I’ll start out by filling you in on a free webinar you can attend, that I (virtually) attended tonight (Wednesday, November 30) and enjoyed. I registered earlier and watched tonight, but there are some more opportunities coming up, so you haven’t missed out. I read about it in that email the FAA sends. It was called, “Best Tips, Tricks and Sites for Self-Briefing” and was given by Delia Colvin, author of aviation books and video classes on weather. You can read a description of the free webinars available here.

When I saw the webinar’s title I knew I should take it. I’m not a weather nerd, and I kind of glaze over when the weather is on TV. This is not best practice if you’re a pilot, and calling WX Brief for the weather seemed like information overload. Learning more about weather, and fast, is a priority of mine. I wrote in another post about my weather study so far and gave some resources that helped me. I’ll continue to add to those resources as I come across them.

In the webinar Colvin went over the types of briefings you can get: standard, abbreviated, update, outlook, and how you should get a good weather overview BEFORE you call 1800WXbrief. She gave a good list of resources to use to check the weather and discussed what we should be looking for on satellite images. She discussed AIRMETs, checking VAD Winds (Velocity, Azimuth, Display), winds aloft, and reviewing the current weather. Her “Top 10 Tips to Get a Better Weather Briefing” will be how I conduct my wxbrief calls from now on.


One important thing I would like to point out about the webinar, is that it was NOT boring. Delia Colvin’s incorporation of her personal experiences as ATC and accident investigation stories that were relevant to the discussion made it interesting and memorable. After the class she also emailed several handouts that will be useful. One of the handouts is the notes for the webinar and includes everything she covered.

Upcoming Free Webinar

I plan on registering for her next Free Webinar “Six Steps to the Perfect Preflight Brief.” It looks like some of the information may be an overlap, but in my opinion, review never hurts. During the webinar she gives a short and painless plug for her book and on-demand videos to learn more about the weather. If you have attended the webinar you can get them at a discounted rate. I will probably buy that at some point in the future, as some of what I learned today was a little over my head/ out of my experience level, and I need to study basics more before moving on to anything more.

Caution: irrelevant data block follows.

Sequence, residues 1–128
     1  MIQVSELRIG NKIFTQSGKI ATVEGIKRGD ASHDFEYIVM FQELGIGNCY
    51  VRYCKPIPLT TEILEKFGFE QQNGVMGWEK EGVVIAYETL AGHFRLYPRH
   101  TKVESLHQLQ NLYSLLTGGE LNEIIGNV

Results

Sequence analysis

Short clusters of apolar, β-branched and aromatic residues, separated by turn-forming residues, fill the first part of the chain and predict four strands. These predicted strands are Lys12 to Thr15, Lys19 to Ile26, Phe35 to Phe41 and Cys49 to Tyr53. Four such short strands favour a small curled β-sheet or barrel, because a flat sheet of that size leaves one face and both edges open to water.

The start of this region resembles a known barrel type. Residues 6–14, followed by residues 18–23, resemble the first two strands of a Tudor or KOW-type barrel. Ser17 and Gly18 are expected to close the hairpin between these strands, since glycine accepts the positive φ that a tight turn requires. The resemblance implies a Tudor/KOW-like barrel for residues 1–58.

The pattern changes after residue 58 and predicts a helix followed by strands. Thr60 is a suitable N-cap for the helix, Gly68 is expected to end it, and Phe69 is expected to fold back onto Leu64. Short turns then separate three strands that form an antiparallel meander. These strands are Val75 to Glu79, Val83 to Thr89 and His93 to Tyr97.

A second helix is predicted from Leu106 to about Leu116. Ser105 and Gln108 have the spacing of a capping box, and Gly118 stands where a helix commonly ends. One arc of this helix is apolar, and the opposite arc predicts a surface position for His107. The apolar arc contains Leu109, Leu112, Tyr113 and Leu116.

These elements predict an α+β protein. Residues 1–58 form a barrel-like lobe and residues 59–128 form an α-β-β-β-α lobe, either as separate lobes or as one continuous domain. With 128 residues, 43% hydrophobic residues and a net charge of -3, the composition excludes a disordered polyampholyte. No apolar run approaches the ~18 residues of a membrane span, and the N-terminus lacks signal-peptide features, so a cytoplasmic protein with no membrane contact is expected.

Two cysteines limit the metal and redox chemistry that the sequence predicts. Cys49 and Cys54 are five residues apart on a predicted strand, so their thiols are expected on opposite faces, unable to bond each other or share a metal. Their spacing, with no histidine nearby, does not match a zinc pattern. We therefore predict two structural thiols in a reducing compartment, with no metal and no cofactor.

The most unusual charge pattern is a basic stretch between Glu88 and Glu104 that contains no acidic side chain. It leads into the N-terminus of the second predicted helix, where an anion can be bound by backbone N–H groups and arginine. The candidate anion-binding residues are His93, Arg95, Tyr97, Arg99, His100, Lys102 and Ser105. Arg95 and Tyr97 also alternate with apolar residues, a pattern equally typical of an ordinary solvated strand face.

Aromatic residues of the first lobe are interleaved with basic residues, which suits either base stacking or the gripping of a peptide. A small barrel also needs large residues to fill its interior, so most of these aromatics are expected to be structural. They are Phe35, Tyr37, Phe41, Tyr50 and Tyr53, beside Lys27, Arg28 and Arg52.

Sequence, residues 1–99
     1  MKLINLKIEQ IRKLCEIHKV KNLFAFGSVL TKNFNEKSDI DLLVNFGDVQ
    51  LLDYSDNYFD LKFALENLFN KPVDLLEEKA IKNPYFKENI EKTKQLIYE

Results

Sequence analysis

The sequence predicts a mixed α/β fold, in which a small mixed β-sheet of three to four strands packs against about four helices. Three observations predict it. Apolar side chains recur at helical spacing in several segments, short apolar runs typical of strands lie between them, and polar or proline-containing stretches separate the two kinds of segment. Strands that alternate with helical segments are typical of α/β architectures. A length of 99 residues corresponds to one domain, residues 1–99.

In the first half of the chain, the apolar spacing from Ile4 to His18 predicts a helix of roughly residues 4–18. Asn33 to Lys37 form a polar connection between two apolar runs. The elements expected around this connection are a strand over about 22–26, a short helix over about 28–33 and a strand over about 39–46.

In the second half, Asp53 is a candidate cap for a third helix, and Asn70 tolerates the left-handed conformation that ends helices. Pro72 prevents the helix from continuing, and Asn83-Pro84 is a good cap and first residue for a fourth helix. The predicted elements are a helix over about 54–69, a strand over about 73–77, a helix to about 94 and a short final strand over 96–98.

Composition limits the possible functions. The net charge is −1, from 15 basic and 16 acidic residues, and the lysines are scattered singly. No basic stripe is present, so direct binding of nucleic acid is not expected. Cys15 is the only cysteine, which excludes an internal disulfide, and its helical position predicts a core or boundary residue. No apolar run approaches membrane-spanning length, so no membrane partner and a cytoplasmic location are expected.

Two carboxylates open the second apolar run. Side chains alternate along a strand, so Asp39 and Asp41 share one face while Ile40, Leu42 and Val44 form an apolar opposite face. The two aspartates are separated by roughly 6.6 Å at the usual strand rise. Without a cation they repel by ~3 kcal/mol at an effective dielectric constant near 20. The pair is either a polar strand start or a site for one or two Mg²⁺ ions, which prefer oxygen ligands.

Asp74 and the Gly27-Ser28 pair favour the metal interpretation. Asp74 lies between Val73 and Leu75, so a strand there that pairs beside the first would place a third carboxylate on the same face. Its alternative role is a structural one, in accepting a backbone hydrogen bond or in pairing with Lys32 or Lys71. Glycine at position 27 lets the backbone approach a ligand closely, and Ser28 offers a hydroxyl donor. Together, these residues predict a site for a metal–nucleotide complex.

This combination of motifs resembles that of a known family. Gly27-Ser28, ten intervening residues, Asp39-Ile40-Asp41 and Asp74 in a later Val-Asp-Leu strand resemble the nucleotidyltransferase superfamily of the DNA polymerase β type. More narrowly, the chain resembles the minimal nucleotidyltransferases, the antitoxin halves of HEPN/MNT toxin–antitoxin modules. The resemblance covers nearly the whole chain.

How it works:

To register you just go to the website and fill out a short form. Then click on the link in the email at the start time for the webinar. During the webinar, if you have any questions you can type them and they will be answered. I was redirected from the FAA’s website to her website, so you sign up that way too, or follow the link below. I went to the one on the left and hope to do the one on the right.

Fly-Rite Free Webinars

Free Webinar Descriptions


I will write soon about the other learning opportunities I’ve been taking advantage of so you can see if you’re interested in them too. Other resources you can look to for webinars are The AOPA, EAA, and The 99s.

What I’m working on this week:

I’m going to needlessly check the weather when I’m not about to go flying so I can get some practice interpreting all the abbreviations.

No lesson this week. 😦

Lesson #19, 20 and 21

Saturday, October 29, 2016

Stats: 1 hour, 3 landings, .2 simulated instrument

Today’s lesson went better for me than last week’s lesson did.  The weather was beautiful and calm. We practiced slow flight first. I spent time in the foggles (view limiting device) practicing instrument work and did steep turns, power off stalls, and power on stalls. Mr. King said I showed improvement in the foggles.



Wednesday, November 2, 2016

Stats: .8 hours, 5 landings

Saturday, November 19, 2016


Stats: 1 hour, 1 landing

It was windy today, so no pattern work, and we went to the practice area. I felt like something clicked and suddenly I was more coordinated. I was coordinating use of the aileron and rudder better when entering and rolling out of turns.

We did steep turns 45 degrees to the left and right a couple of times and I maintained altitude well. Then we did two power off stalls. I had begun to do the steps to recovery from a stall almost automatically prior to this lesson, but today it seemed like I was having to think about it too much. I also need to guard against accidentally turning slightly right when pulling up.

Then we did two power on stalls. I have never felt totally comfortable with those and today was no exception. The gusts of wind added to this. I just need to do more of them, maybe a few each week.

I asked to do steep turns again and so we did a couple more. Then 2 or 3 more power off and 2 more power ons, followed by more steep turns. I don’t remember exactly what order we did some of this in, but we also practiced slow flight and constant speed maneuvers.

Mr. King said I was doing a lot better today at everything especially keeping constant airspeed and staying within 100 feet on the step turns.

Even though today’s lesson was a lot more work because of 16-21 gusts and I was constantly adjusting something, it was a very satisfying and fun hour of flying. Mr. King said I did especially well considering the wind situation. The weather was pretty cool and the sky was beautiful. Looking down you could see spots of fall color, especially the isolated red trees. As an added bonus, it was a comfortable temperature in the cockpit.